In its distant pages it is written that animals are divided into (a) those that belong to the emperor; (b) embalmed ones; (c) those that are trained; (d) suckling pigs; (e) mermaids; (f) fabulous ones; (g) stray dogs; (h) those that are included in this classification; (i) those that tremble as if they were mad; (j) innumerable ones; (k) those drawn with a very fine camel’s-hair brush; (1) etcetera; (m) those that have just broken the flower vase; (n) those that at a distance resemble flies.
Nor does Borges see this confusion, this Babel, as a conditional failing of a fallen but perfectible humanity. Rather, “there is no universe in the organic, unifying sense of that ambitious word.” Those who would make names for themselves, like Wilkins or the Shem, will find their efforts thwarted by a language that is faithful to reality in its fractured convolution.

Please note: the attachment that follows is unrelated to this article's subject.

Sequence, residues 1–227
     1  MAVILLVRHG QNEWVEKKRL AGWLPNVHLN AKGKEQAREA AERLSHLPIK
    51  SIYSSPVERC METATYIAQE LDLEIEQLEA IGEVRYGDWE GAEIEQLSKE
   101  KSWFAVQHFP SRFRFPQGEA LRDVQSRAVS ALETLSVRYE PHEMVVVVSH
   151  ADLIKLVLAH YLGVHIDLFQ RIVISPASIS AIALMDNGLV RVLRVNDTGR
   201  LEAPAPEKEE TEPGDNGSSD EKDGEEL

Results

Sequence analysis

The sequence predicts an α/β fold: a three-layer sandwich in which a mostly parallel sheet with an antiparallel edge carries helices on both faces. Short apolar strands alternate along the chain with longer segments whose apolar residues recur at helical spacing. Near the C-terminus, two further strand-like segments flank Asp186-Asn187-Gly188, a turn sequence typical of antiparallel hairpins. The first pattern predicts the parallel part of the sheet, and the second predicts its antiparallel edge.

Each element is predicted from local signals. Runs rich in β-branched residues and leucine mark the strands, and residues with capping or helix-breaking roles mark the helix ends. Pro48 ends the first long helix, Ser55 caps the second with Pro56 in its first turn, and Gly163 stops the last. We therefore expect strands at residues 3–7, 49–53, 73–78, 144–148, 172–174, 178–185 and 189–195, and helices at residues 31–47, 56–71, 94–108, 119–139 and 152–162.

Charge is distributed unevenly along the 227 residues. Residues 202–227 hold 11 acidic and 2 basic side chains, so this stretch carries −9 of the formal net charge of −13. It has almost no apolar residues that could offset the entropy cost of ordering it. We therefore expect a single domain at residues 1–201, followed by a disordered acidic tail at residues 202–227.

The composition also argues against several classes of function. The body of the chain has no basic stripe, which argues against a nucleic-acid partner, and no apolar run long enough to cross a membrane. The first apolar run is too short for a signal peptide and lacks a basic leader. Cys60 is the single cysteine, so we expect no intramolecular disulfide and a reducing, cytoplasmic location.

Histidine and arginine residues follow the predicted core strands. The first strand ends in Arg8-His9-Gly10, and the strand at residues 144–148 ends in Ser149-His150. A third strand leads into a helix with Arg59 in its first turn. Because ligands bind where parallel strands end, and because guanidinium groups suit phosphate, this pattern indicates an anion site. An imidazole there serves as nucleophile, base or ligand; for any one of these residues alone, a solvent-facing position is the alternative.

In the Babel imagined by Borges, the confusion of tongues takes place inside the tower, the library. The unified architecture does not create a unified linguistic community: “…the most ancient men, the first librarians, used a language quite different from the one we now speak; it is true that a few miles to the right the tongue is dialectical and that ninety floors farther up, it is incomprehensible.” More perniciously, it is possible for language to remain completely intelligible, and yet to house an infinity of differences that make the dual interpretations of Babel seem trivial: “An n number of possible languages use the same vocabulary; in some of them, the symbol library allows the correct definition a ubiquitous and lasting system of hexagonal galleries, but library is bread or pyramid or anything else, and these seven words which define it have another value. You who read me, are you sure of understanding my language?” The narrator seems to take this proliferation of languages as a sign of the comprehensiveness of the library, though Borges treats this notion with irony. The possibilities of a single phrase, word, or letter, can never be exhausted. As our narrator explained, a word can differ from itself, can contain multitudes of interpretations, without differing by a single letter or mark. We can translate these inner differences, but only among source or target languages that are themselves without unity or self-identity.